Last November, the European Commission set out its vision for a prosperous, modern, competitive and climate neutral economy, fully in line with this objective: making the EU a net zero greenhouse gas economy by 2050. Our vision shows how Europe can lead the way to climate neutrality by investing in realistic technological solutions and aligning action in key areas such as industrial policy, finance or research, while empowering citizens and ensuring a fair and inclusive transition.
Seven building blocks for net zero greenhouse gas emissions
Our analysis sets out a comprehensive vision with seven strategic building blocks that will be required to achieve a net-zero greenhouse gas economy by 2050.
First, energy efficiency. Our economy will grow, but we need to reduce energy consumption by as much as half compared to 2005. This will be essential for continued emissions cuts in in the building sector, responsible today for 40 per cent of our energy consumption. Most of the housing stock of 2050 already exists, though we will need to invest in further renovation to make it more modern and climate-friendly.
Second, advancing the deployment of renewables. By 2050, more than 80 per cent of our electricity will have to come from renewable sources. This, alongside what we expect will be a stable share of nuclear, would make the European power sector carbon-free – with beneficial effects on the security of our energy supply and significant savings on our energy import bill.
Third, we need to embrace a clean mobility system. Electrification is a promising option for many transport modes, while other alternatives include hydrogen, advanced biofuels and e-fuels. However, long distance shipping and aviation are among the biggest challenges. Smart urban planning and traffic management, together with alternative modes of private mobility and clean public transport, will also play an important role, especially in cities.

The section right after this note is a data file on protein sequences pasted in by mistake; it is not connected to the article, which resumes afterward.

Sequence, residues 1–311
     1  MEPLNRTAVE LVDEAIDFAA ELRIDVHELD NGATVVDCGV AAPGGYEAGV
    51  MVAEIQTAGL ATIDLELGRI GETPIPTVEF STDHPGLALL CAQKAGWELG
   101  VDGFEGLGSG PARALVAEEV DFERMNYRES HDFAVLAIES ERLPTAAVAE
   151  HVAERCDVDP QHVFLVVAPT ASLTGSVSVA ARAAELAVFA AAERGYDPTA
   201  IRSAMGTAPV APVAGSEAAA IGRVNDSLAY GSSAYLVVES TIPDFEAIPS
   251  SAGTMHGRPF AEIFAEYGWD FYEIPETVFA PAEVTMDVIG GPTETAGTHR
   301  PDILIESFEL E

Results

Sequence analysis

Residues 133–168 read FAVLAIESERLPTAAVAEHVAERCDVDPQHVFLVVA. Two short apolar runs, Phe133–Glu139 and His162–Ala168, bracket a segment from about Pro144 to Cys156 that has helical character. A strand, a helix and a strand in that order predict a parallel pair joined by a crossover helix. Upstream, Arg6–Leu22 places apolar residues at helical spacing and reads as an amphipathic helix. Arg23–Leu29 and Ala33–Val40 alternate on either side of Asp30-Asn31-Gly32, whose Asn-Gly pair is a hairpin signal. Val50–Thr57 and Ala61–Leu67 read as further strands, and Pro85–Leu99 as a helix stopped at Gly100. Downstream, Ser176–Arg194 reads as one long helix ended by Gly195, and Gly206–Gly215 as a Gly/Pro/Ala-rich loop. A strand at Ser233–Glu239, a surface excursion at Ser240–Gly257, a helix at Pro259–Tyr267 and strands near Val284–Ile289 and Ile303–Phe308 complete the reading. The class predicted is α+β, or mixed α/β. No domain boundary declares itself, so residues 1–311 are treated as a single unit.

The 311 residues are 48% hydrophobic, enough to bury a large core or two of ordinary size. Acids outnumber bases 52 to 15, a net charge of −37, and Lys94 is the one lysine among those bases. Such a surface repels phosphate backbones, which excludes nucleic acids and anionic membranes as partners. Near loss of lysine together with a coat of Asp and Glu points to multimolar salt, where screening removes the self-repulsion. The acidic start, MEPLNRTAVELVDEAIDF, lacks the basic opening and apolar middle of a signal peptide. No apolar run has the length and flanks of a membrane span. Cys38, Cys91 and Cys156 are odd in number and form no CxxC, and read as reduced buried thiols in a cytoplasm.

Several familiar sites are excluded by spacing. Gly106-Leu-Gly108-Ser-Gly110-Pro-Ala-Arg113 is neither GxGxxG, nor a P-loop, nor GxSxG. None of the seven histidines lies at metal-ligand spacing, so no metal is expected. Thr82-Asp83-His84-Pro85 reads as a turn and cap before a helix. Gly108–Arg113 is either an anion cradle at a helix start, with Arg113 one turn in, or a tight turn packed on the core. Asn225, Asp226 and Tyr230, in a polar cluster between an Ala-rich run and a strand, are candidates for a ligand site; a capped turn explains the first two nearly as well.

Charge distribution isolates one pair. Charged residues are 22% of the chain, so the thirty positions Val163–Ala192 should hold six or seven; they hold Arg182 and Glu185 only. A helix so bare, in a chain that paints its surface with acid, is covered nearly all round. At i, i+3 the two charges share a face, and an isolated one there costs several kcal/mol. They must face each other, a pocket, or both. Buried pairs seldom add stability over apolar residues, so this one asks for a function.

Fourth, industry. The journey towards a climate neutral Europe will converge with the need for modernising our industrial assets. In the next 10 to 15 years, technologies already known in key sectors such as steel, cement and chemicals will need to be demonstrated at scale to facilitate investment in clean and competitive industrial installations. Electrification, hydrogen, biomass and synthetic fuel share all part of the solution.
Fifth, the transformation will require an adequate smart network infrastructure and inter-connections, in order to reap the full benefits of the EU dimension and to avoid creating new bottlenecks. Energy and transport are the key fields here.
Sixth, we need to harness the potential of the bioeconomy, while preserving and enhancing our carbon sinks. Farms and forests will continue to provide food, feed and fibre to the EU economy. Further efficiency improvements, better fertiliser application and nutrients management and healthy animal stocks will benefit both farmers and the climate. Agriculture and forestry will also help decarbonise other sectors by providing biomass, energy crops and bioeconomic feedstocks.